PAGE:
This shamrock is easy for beginners or those who have only moderate experience with crochet. Unlike other tutorials on the internet, this shamrock is made by producing all the parts separately and sewing them together. This may not be acceptable to some and may go against crocheting etiquette, but it makes it simple without complicated instructions. Another advantage to making the parts separately is that you can make them any size or make modifications in the shape without having to know more than one or two stitches.
Yarn, hooks, and other supplies are available at major chain craft stores such as Michael's and Wal Mart. Other specialty yarns can be bought as specialty yarn shops found throughout San Diego County in areas such as Encinitas and Solana Beach among others.
First, gather your supplies. For a shamrock, green yarn should be used. The yarn should be fairly stiff and not too soft. You will also need a large-eyed needle such as the child's sewing needle seen in this photo. Scissors will be helpful to end and start new pieces. A G sized crochet hook was used, though other sizes may work for this project.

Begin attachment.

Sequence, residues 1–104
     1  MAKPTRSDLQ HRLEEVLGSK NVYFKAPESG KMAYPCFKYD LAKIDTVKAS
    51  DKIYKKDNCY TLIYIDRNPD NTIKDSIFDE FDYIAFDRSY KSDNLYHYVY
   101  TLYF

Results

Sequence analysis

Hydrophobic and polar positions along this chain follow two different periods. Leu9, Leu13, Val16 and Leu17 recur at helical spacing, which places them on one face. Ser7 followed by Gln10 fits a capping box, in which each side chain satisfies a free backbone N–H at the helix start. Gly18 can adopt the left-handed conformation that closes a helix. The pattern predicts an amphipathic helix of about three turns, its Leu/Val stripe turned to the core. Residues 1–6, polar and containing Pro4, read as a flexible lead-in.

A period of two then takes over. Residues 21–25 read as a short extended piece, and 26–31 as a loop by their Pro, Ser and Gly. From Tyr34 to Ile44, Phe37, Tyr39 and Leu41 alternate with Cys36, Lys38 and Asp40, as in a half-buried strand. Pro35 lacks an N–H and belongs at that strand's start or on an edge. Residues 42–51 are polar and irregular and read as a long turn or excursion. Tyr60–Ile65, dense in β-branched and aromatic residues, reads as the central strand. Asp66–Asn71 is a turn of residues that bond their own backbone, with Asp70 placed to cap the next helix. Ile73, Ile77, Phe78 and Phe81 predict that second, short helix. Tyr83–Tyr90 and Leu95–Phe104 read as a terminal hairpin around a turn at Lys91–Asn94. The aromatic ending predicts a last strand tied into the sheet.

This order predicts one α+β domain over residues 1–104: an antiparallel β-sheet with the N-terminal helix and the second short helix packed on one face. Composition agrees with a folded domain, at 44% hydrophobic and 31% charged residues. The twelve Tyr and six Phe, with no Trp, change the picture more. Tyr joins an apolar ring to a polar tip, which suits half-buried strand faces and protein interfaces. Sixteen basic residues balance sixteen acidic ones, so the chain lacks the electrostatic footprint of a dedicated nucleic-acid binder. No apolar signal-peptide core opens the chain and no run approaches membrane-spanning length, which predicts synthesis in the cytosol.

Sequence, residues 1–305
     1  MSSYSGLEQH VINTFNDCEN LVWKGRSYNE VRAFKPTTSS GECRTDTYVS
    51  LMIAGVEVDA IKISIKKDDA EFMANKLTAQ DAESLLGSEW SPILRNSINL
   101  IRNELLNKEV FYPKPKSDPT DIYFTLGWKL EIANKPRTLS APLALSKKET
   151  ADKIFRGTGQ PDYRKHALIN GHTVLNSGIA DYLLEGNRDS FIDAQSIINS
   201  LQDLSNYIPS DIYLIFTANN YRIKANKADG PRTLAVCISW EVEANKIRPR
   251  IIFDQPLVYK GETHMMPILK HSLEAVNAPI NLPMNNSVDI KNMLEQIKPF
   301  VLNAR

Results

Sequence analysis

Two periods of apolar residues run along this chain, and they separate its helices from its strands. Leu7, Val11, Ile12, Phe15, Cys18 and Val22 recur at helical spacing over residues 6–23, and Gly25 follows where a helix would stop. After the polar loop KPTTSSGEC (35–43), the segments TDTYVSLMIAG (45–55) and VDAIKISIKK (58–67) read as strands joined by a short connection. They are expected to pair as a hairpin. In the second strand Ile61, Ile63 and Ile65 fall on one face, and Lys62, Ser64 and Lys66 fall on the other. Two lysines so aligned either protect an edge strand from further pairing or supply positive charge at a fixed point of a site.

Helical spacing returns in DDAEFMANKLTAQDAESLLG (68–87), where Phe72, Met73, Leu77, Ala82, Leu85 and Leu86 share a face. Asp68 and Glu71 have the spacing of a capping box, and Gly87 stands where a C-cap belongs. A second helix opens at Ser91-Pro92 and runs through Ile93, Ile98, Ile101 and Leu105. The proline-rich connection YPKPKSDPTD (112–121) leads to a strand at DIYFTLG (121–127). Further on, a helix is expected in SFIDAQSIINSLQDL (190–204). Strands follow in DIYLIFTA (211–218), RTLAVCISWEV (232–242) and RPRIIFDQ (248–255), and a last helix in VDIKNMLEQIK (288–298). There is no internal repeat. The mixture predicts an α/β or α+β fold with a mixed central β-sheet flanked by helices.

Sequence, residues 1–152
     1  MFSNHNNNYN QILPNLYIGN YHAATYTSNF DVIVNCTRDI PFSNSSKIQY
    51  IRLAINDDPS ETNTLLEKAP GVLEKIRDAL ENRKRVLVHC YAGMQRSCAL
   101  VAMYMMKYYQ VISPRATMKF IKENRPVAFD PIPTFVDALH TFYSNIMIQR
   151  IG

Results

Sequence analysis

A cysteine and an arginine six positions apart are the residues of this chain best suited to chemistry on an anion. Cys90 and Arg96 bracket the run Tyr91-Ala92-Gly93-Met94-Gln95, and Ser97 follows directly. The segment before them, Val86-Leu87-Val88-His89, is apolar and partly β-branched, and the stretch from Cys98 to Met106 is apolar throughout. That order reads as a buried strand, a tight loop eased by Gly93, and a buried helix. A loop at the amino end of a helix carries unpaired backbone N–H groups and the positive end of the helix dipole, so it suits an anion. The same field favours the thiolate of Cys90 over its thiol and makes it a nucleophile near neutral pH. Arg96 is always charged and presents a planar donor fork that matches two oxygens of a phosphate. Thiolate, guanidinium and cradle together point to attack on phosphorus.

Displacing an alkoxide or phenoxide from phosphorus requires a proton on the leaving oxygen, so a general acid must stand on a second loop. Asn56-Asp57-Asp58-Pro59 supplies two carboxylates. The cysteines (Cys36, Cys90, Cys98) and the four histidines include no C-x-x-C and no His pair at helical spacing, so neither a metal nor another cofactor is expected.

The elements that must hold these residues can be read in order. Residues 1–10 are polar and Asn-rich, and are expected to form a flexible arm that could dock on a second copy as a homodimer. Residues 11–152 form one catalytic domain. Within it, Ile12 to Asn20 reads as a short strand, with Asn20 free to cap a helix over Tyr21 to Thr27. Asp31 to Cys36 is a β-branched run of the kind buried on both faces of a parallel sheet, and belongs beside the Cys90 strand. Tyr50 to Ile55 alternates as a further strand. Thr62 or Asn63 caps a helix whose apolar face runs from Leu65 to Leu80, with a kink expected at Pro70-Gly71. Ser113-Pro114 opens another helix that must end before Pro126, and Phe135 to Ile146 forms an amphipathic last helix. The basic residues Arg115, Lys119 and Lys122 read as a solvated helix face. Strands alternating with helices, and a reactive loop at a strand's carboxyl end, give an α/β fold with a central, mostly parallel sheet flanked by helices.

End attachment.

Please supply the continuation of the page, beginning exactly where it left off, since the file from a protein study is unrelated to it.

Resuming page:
Start by chaining 6
To begin your circle, start by creating a chain of six. Slip-stitch the last chain into the first chain. Begin to half-double or double crochet into each of the six chain stitches two times.
Continue with circle
Continue around the circle by placing two stitches in each stitch in the previous row using the half-double or double crochet until you get to the desired size.
Sew circles together
When you have made three circles, fasten them off and cut a new piece of yarn. Make sure the piece of yarn you cut off is extra long because that is what you are going to make the stem from after you sew the circles together. Begin sewing each circle together using a simple stitch. When done, let what is remaining of the piece of yarn hang down.
To create the stem, place your hook in the next stitch after the last stitch you sewed together. Take you extra yarn and chain 8 more stitches. Turn and half-double crochet back towards the three circles you have just sewn together. Attach the stem to a stitch on the opposite side of where you started the stem.
Final result, shamrock
You should end up with a shamrock that looks similar to these. Variations can easily be made to these types of shamrocks depending on your expertise. For example, "indents" can be made in the circles, making them look more like leaves. This can be achieved by adjusting up or down the stitches.